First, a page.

Pegg, E., Alotta, G., & Barrera, O. (2016). Elasto-plastic Material Models Introduce Error in Finite Element Polyethylene Wear Predictions. Poster session presented at European Orthopaedic Research Society Meeting, Bologna, Italy.

Elasto-plastic Material Models Introduce Error in Finite Element Polyethylene Wear Predictions. / Pegg, Elise; Alotta, Gioacchino; Barrera, Olga.

2016. Poster session presented at European Orthopaedic Research Society Meeting, Bologna, Italy.

Research output: Contribution to conferencePoster

Pegg, E, Alotta, G & Barrera, O 2016, 'Elasto-plastic Material Models Introduce Error in Finite Element Polyethylene Wear Predictions' European Orthopaedic Research Society Meeting, Bologna, Italy, 14/09/16 - 16/09/16, .
Pegg E, Alotta G, Barrera O. Elasto-plastic Material Models Introduce Error in Finite Element Polyethylene Wear Predictions. 2016. Poster session presented at European Orthopaedic Research Society Meeting, Bologna, Italy.
Pegg, Elise ; Alotta, Gioacchino ; Barrera, Olga. / Elasto-plastic Material Models Introduce Error in Finite Element Polyethylene Wear Predictions. Poster session presented at European Orthopaedic Research Society Meeting, Bologna, Italy.
@conference{26edc15167fe4a2893caac6797fc28a2,
title = "Elasto-plastic Material Models Introduce Error in Finite Element Polyethylene Wear Predictions",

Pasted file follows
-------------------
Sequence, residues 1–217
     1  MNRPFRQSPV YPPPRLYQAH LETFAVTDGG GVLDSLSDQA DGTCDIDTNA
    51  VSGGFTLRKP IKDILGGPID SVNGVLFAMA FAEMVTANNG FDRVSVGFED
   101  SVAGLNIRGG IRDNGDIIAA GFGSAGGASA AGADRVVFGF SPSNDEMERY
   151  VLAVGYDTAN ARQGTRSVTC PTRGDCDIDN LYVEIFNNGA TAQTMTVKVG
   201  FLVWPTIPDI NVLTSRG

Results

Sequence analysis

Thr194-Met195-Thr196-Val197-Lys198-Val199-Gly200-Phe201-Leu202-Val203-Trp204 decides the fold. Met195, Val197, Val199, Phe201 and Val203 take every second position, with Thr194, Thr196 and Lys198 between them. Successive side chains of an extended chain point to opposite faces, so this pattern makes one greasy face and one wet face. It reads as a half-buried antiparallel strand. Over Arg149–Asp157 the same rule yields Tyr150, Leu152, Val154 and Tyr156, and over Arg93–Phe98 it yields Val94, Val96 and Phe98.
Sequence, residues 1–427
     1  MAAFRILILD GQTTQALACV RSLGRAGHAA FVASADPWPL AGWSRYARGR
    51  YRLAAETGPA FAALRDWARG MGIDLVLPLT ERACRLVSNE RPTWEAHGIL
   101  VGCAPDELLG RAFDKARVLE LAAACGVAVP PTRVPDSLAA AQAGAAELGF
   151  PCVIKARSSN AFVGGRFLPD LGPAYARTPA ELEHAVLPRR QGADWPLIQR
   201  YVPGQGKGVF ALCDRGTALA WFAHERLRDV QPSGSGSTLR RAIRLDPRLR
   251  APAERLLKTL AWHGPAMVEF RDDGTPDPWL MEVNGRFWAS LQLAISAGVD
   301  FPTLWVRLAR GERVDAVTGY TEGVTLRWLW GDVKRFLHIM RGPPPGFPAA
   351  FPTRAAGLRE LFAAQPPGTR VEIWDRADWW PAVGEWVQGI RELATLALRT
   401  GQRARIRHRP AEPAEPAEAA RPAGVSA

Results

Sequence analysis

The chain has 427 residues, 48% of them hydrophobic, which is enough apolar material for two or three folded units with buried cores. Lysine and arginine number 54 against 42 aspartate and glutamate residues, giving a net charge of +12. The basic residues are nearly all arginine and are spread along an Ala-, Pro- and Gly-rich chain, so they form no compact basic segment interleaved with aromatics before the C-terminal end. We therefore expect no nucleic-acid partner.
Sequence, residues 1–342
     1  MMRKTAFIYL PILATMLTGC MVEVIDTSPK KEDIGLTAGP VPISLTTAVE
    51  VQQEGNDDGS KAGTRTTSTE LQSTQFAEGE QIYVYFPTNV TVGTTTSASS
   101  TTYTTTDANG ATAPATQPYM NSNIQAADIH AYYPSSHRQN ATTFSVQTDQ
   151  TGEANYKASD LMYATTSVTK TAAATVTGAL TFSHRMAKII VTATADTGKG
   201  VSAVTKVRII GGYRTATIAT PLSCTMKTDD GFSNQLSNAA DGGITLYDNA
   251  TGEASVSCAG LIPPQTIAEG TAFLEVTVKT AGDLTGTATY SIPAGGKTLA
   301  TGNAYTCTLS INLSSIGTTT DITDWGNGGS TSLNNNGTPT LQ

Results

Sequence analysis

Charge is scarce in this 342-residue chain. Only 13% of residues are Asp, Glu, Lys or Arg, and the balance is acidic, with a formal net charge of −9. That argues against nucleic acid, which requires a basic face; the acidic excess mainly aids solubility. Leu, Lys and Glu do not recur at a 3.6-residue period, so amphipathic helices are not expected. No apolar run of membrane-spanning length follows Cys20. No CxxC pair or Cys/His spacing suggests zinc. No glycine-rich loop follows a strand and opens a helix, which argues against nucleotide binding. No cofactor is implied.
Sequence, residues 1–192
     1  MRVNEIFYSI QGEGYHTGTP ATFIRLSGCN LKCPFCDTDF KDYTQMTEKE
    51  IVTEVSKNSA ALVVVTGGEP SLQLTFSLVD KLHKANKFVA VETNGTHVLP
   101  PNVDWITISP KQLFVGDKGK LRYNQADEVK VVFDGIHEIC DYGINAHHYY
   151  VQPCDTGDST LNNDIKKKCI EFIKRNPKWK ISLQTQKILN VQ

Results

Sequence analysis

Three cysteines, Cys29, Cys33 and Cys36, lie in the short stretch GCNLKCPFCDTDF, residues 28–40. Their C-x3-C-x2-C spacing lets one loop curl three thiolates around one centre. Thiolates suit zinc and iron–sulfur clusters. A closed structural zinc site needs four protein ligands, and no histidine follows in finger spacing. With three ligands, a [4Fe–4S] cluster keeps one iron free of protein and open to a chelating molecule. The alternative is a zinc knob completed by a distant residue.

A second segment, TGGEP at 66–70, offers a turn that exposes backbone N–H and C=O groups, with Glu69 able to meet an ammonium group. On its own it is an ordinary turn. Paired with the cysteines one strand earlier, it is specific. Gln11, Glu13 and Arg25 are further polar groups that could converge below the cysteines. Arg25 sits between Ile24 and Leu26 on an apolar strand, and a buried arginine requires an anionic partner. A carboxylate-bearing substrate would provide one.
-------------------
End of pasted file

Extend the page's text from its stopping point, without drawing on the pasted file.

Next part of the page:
abstract = "Introduction: Polyethylene wear of joint replacements can cause severe clinical complications, including; osteolysis, implant loosening, inflammation and pain. Wear simulator testing is often used to assess new designs, but it is expensive and time consuming. It is possible to predict the volume of polyethylene implant wear from finite element models using a modification of Archard's classic wear law [1-2]. Typically, linear elastic isotropic, or elasto-plastic material models are used to represent the polyethylene. The purpose of this study was to investigate whether use of a viscoelastic material model would significantly alter the predicted volumetric wear of a mobile-bearing unicompartmental knee replacement. Materials & Methods: Tensile creep-recovery experiments were performed to characterise the creep and relaxation behaviour of the polyethylene (moulded GUR 4150 samples machined to 180x20x1 mm). Samples were loaded to 3 MPa stress in 4 minutes, and then held for 6 hours, the tensile stress was removed and samples were left to relax for 6 hours. The mechanical test data was used fit to a validated three--dimensional fractional Maxwell viscoelastic constitutive material model [3].An explicit finite element model of a mobile--bearing unicompartmental knee replacement was created, which has been described previously [4]. The medial knee replacement was loaded to 1200 N over a period of 0.2 s. The bearing was meshed using quadratic tetrahedral elements (1.5 mm seeding size based on results of a mesh convergence study), and the femoral component was represented as an analytical rigid body. Wear predictions were made from the contact stress and sliding distance using Archard's law, as has been described in the literature [1-2]. A wear factor of 5.24x10-11 was used based upon the work by Netter et al. [2]. All models were created and solved using ABAQUS finite element software (version 6.14, Simulia, Dassault Systemes).Results: The fractional viscoelastic material model predicted almost twice as much wear (0.119 mm3/million cycles) compared to the elasto-plastic model (0.069 mm3/million cycles). The higher wear prediction was due to both an increased sliding distance and higher contact pressures in the viscoelastic model. Discussion: These preliminary findings indicate the simplified elasto-plastic polyethylene material representation can underestimate wear predictions from numerical simulations. Polyethylene is known to be a viscoelastic material which undergoes creep clinically, and it is not surprising that it is necessary to represent that viscoelastic behaviour to accurately predict implant wear. However, it does increase the complexity and run time of such computational studies, which may be prohibitive.References: [1] Maxian, T. A. et al. “A sliding--distance--coupled finite element formulation for polyethylene wear in total hip arthroplasty. ” (1996) J Biomech 29, p687-692. [2] Netter, J. et al. “Prediction of wear in crosslinked polyethylene unicompartmental knee arthroplasty” (2015) Lubricants 3 p381-393. [3] Alotta, G., et al. “On the behaviour of a three-dimensional fractional viscoelastic constitutive model” Manuscript submitted to Meccanica (2016). [4] Pegg, E.C. et al. “Fracture of mobile unicompartmental knee bearings: A parametric finite element study”. (2013) Proc ImechE Part H: Journal of Engineering in Medicine 227 p1213-1223.",